- The JSON key (credential) file of the service account which has necessary permission on the Google Project which holds the Cloud SQL Instance resource.
Step 3: Generate a Service account used for Cloud SQL Proxy to have it in GKE
To run a Cloud SQL Proxy instance within a GKE cluster, we need to create a service account and give it the necessary permissions.
It is recommended to use a separate service account for a separate application to have a more secure experience and transition.
Requirements of the service account-
- It must be created in the same project that runs the Cloud SQL Instance.
- It must be given at least a Cloud SQL Client IAM role.
- In the case of private IP usage for connection, the Cloud SQL Instance and GKE must share the same VPC network.
Once you create a service account, we need to mount the key of the service account into the Cloud SQL proxy container as a volume from a secret.
Let us understand this through the below example!
Create the credential key file using the gcloud command –
gcloud iam service-accounts keys create ~/key.json --iam-account=YOUR-SA-NAME@project-id.iam.gserviceaccount.com
Create a k8 secret from the credential file –
kubectl create secret generic YOUR-SA-SECRET --from-file=service_account.json=~/key.json
Use the above secret as a volume in the proxy container –
volumes: - name: <YOUR-SA-SECRET-VOLUME> secret: secretName: <YOUR-SA-SECRET>
Step 4: Execute the Cloud SQL Proxy as a sidecar/pod
Once we reach Step 4, we need to create a sidecar proxy container within the application pod because of the below advantages-
- Because of the IAM database permissions, using the sidecar reduces the exposure of the instance to the entire cluster.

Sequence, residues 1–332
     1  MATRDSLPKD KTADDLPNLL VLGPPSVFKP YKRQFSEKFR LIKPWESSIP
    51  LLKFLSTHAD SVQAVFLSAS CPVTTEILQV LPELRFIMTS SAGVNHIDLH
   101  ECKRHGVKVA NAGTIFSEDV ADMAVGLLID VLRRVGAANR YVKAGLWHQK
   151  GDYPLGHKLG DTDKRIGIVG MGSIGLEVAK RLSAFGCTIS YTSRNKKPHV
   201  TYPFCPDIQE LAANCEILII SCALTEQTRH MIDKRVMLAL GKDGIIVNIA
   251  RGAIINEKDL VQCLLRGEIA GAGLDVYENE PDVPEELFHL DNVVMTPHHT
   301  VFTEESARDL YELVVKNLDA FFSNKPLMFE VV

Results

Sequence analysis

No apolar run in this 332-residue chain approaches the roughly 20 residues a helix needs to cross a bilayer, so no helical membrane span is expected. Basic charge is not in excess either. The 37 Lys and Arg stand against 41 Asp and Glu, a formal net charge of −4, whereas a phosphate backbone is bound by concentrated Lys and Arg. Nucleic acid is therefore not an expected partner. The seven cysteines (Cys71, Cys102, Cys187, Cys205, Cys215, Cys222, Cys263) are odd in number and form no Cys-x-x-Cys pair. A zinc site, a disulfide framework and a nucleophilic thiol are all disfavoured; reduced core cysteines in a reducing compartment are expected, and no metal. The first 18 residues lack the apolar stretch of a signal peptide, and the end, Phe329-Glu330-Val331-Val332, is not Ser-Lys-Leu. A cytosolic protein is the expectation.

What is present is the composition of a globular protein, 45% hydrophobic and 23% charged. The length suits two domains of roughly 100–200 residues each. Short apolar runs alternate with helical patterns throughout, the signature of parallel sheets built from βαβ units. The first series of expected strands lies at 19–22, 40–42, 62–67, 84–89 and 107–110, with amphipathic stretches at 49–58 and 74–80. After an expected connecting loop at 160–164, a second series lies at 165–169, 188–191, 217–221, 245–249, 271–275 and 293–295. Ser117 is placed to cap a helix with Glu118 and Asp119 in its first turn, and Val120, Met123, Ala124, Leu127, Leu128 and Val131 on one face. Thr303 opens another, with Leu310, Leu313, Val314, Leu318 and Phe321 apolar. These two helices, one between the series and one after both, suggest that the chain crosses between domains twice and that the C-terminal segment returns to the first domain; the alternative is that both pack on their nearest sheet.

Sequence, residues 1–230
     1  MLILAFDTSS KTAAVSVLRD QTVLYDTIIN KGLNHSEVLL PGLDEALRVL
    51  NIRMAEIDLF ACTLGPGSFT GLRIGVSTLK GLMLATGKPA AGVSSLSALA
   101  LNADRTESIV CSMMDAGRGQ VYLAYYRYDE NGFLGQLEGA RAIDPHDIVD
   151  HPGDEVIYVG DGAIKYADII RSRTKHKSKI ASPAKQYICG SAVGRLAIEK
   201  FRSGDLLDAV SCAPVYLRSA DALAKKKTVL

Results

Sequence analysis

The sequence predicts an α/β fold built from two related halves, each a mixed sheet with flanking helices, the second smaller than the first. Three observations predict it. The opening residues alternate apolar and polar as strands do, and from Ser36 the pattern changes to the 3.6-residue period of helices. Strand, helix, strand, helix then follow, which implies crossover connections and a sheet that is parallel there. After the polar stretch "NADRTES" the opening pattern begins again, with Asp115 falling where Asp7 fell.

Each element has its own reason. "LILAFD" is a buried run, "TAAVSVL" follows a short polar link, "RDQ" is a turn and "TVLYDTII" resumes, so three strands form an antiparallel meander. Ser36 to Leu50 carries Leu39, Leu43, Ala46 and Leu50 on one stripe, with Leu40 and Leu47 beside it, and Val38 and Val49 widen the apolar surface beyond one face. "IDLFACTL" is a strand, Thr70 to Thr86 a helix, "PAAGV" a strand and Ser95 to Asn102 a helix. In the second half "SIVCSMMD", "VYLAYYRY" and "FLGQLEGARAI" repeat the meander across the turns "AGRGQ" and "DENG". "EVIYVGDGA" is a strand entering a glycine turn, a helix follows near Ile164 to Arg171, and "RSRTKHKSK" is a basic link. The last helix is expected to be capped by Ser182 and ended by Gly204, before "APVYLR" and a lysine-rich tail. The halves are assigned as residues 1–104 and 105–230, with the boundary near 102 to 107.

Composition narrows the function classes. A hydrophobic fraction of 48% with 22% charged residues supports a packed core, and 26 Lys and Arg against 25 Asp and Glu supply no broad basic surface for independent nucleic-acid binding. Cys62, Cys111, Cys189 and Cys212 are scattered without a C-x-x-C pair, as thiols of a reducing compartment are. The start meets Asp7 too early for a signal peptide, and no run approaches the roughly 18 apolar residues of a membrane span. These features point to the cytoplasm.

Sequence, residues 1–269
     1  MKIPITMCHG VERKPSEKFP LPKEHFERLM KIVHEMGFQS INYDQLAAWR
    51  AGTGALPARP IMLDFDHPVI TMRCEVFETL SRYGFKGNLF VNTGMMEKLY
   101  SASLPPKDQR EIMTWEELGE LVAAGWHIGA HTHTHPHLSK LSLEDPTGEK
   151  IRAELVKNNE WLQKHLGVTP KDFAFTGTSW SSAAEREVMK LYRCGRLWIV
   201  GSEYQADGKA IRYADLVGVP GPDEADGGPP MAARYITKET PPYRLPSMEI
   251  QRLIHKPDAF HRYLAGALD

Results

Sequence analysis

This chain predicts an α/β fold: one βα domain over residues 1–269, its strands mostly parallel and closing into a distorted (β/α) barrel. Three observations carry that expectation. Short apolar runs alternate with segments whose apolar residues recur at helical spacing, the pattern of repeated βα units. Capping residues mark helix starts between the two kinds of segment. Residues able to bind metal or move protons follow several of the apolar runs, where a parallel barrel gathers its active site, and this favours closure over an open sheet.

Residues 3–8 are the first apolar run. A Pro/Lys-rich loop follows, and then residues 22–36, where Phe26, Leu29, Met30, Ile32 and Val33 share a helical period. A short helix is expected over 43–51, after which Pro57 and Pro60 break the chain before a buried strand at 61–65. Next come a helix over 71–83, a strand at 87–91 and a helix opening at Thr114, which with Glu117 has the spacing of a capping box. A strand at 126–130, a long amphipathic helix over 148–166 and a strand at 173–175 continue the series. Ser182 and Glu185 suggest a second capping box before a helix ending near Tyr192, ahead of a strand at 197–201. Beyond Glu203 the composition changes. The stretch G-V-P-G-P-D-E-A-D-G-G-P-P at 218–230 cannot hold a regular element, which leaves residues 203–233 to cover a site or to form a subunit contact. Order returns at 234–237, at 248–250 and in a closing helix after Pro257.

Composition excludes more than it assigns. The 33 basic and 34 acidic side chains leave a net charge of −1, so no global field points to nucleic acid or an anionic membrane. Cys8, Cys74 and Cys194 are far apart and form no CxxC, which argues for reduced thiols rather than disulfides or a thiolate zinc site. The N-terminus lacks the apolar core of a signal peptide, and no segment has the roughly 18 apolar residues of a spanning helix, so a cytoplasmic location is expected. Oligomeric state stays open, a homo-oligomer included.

- It reduces and prevents the local exposure to the SQL outbound traffic by encrypting it.
apiVersion: apps/v1 kind: Deployment metadata: name: <YOUR-DEPLOYMENT-NAME> spec: selector: matchLabels: app: <YOUR-APPLICATION-NAME> template: metadata: labels: app: <YOUR-APPLICATION-NAME> spec: containers: - name: <YOUR-APPLICATION-NAME> # ... other container configuration env: - name: DB_USER valueFrom: secretKeyRef: name: <YOUR-DB-SECRET> key: username - name: DB_PASS valueFrom: secretKeyRef: name: <YOUR-DB-SECRET> key: password - name: DB_NAME valueFrom: secretKeyRef: name: <YOUR-DB-SECRET> key: database - name: cloud-sql-proxy image: gcr.io/cloudsql-docker/gce-proxy:1.28.0 # make sure the use the latest version command: - "/cloud_sql_proxy" - "-ip_address_types=PRIVATE" # Replace DB_PORT with the port the proxy should listen on # Defaults: MySQL: 3306, Postgres: 5432, SQLServer: 1433 - "-instances=<INSTANCE_CONNECTION_NAME>=tcp:<DB_PORT>" - "-credential_file=/secrets/service_account.json" securityContext: runAsNonRoot: true volumeMounts: - name: <YOUR-SA-SECRET-VOLUME> mountPath: /secrets/ readOnly: true resources: requests: memory: "2Gi" cpu: "1" volumes: - name: <YOUR-SA-SECRET-VOLUME> secret: secretName: <YOUR-SA-SECRET>
By this, we have approached the end of this topic. Feel free to comment below in case you come across any questions.
For more such posts related to Cloud databases and Kubernetes native information, Stay tuned with us.
Till then, Happy Learning!! 😊